With complex material to present in a long research document, it can be difficult to get the structure right, particularly in the introduction.
A good technique to organise material is to move from the general to the specific. This tip works for the whole document and for the introduction and for other sections.
In the introduction or first section, write enough to introduce the broad topic and put your work in context. Then go into detail. Diving straight into the detail may lose some readers. Similarly, too much general background that is well known to readers may leave them wondering if there is anything new and whether it is worth reading on.
Establish the purpose of your writing, what you are contributing, and why it is worth readers continuing to read on. Be aware of technical terms or jargon in the introduction. Are these terms helpful or offputting? How well known are they?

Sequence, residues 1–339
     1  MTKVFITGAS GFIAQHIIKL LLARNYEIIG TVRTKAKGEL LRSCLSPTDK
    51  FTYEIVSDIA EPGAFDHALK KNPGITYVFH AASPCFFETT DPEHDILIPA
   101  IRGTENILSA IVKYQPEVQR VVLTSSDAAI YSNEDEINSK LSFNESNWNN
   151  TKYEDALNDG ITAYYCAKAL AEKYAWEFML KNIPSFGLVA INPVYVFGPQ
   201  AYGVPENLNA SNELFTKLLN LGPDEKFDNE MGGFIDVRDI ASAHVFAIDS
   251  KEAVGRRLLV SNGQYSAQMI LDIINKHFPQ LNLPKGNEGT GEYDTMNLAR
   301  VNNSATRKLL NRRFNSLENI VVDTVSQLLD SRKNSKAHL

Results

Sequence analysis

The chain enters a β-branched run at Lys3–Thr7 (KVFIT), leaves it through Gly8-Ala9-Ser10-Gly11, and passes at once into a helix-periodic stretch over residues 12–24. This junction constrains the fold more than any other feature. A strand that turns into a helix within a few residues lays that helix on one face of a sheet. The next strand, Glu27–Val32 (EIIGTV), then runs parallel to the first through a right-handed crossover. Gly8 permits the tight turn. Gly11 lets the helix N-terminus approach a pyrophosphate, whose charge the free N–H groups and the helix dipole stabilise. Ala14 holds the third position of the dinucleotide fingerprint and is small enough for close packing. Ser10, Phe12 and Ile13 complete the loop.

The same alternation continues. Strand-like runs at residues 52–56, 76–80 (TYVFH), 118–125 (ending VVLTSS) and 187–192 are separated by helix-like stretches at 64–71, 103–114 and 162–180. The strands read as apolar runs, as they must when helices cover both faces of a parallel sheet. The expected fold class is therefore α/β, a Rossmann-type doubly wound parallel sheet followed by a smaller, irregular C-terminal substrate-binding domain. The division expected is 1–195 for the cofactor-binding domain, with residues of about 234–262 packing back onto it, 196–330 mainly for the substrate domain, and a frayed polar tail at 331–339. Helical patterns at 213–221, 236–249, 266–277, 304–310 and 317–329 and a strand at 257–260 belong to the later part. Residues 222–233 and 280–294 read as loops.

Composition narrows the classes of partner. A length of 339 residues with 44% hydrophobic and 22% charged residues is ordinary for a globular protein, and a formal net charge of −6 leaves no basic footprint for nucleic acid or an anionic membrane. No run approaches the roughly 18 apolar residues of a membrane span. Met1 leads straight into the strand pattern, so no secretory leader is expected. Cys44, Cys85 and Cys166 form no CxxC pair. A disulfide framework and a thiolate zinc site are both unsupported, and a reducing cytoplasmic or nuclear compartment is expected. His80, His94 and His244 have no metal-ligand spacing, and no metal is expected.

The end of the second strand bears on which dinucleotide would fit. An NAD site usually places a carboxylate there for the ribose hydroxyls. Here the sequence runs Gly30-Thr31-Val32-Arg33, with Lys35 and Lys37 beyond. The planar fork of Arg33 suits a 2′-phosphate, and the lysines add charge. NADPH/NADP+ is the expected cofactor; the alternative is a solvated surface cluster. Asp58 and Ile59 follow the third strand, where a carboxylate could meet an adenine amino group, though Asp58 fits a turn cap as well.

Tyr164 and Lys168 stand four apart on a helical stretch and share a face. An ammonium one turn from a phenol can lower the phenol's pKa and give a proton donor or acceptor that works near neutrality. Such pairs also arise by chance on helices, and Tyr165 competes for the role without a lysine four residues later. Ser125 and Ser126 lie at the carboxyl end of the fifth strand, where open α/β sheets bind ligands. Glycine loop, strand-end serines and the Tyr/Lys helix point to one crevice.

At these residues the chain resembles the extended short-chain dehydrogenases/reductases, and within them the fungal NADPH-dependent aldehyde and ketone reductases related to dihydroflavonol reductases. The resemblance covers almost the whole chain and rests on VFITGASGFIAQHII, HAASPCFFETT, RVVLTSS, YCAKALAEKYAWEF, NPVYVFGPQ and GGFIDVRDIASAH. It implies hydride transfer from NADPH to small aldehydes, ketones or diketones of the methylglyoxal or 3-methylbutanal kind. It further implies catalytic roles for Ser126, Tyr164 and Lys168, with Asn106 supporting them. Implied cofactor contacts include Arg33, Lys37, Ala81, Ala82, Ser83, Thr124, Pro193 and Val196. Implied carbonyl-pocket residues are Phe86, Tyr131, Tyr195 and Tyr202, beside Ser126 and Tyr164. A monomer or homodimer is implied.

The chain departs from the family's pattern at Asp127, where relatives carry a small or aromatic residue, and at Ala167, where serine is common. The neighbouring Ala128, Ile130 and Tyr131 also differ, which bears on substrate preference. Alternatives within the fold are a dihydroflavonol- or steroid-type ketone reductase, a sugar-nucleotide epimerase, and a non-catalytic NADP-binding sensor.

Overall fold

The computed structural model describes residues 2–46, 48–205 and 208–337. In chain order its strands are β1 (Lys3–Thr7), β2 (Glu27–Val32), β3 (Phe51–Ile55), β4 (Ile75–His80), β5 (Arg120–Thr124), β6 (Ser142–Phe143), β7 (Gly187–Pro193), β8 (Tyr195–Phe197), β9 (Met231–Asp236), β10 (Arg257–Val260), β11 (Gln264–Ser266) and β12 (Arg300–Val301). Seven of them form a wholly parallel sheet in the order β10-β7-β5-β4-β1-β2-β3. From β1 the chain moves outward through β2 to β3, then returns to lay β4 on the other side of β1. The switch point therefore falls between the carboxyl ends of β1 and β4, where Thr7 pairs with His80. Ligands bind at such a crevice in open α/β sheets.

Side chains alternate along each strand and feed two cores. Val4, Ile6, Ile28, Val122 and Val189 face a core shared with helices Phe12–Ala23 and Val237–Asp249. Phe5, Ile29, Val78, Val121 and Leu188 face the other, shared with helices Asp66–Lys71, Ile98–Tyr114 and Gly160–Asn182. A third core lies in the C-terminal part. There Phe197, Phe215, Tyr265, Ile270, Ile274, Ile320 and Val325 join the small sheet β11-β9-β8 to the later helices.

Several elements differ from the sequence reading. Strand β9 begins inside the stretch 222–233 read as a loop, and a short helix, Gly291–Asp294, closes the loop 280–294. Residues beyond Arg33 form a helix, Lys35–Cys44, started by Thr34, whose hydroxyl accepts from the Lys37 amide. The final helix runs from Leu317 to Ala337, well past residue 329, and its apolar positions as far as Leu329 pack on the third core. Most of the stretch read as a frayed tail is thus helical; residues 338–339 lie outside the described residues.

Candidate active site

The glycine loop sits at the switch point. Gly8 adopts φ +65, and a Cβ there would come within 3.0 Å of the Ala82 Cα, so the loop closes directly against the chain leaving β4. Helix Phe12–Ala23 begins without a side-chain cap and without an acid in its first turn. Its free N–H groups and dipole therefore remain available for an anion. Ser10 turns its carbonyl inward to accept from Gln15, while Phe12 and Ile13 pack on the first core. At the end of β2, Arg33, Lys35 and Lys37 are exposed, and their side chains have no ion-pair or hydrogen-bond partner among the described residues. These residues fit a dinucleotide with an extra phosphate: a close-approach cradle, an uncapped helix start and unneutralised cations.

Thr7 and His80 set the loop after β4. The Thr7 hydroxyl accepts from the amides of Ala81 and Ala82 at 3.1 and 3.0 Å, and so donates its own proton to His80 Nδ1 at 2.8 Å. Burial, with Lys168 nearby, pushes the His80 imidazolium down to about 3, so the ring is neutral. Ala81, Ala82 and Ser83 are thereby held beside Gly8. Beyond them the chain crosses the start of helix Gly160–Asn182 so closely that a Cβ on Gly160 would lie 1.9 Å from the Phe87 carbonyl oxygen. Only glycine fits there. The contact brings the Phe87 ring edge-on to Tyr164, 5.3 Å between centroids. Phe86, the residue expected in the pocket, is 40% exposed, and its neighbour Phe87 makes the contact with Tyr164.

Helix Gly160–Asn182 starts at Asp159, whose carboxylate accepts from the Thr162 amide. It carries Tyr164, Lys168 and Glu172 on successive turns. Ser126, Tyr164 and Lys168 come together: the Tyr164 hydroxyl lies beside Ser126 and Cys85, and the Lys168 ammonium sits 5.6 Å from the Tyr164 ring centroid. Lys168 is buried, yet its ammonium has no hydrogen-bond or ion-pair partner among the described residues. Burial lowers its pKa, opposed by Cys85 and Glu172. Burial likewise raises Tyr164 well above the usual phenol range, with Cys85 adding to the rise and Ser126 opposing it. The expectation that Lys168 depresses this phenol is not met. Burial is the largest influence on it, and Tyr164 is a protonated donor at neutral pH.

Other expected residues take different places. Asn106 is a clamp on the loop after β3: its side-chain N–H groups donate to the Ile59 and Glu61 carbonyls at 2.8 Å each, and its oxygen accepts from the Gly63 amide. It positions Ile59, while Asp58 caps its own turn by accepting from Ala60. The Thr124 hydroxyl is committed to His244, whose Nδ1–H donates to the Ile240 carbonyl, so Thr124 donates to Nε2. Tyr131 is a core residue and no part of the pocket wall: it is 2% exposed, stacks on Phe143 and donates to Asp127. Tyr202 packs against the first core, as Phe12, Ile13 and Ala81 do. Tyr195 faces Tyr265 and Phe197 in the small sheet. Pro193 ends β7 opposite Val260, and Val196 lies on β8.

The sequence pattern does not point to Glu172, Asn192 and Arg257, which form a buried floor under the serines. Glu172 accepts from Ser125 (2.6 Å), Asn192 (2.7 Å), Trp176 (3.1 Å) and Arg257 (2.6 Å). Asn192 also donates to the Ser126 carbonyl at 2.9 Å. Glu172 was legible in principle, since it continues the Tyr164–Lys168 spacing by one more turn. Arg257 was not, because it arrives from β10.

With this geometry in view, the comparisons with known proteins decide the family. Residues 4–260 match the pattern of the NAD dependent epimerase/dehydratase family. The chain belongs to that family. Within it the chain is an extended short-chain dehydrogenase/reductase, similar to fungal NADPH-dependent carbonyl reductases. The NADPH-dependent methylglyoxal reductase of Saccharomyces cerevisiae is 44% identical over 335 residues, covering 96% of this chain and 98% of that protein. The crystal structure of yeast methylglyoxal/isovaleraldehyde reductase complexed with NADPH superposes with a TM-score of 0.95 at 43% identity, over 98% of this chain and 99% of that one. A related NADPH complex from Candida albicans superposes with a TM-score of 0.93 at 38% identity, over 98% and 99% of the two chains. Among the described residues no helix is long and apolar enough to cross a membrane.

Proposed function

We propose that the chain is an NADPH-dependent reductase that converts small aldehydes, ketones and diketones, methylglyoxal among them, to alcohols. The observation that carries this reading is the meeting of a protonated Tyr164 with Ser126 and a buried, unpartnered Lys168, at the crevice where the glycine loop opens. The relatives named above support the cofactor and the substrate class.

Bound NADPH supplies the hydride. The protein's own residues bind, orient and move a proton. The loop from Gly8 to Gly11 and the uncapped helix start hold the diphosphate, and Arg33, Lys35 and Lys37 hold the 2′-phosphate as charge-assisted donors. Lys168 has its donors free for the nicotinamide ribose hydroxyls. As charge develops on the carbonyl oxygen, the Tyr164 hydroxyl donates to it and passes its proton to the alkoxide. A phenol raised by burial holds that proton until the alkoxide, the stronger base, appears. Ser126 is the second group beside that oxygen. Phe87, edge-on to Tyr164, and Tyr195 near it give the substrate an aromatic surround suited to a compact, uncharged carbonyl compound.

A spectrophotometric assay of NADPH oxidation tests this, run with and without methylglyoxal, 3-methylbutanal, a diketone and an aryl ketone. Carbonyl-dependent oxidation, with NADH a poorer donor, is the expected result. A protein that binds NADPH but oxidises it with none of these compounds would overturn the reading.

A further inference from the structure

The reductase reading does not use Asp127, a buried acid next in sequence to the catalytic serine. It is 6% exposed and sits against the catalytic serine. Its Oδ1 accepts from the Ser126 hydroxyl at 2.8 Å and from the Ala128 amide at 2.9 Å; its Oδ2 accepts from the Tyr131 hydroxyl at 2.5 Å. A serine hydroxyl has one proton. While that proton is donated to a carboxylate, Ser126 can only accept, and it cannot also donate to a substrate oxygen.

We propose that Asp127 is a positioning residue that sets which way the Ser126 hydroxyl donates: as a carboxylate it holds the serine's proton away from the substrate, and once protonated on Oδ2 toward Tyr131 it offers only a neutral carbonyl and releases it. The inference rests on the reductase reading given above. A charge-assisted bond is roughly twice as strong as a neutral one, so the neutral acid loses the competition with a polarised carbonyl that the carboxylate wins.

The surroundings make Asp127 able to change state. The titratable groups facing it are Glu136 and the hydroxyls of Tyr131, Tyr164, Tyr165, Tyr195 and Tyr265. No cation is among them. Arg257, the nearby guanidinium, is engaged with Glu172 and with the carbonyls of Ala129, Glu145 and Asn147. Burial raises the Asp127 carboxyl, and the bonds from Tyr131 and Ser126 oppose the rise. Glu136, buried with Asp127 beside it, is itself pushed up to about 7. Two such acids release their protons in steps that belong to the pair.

Reverse this structure technique at the other end of the document. When discussing results or drawing conclusions, move from the specific back to the general. Summarise your work, then broaden it out to generalisations. There may be limitations and caveats to note when moving from the specific back to the general.
More tips for structure:
- Consider the audience and their level of familiarity with the material when deciding where to start in the general context.
- Use the title, headings and subheadings to set the scene and prepare the reader for the content in the whole work and each section, and the context.
- Use a top-down approach to structure by developing the headings first, then the subheadings and use content in dot points under each heading as a guide for your writing.
See related blogs:
- High impact headings
- Use your table of contents to check consistency of headings
- Creating a table of contents the easy way
- Awesome abstracts
- Energise your exhausted conclusion
For advice on editing and writing, please contact me on firstname.lastname@example.org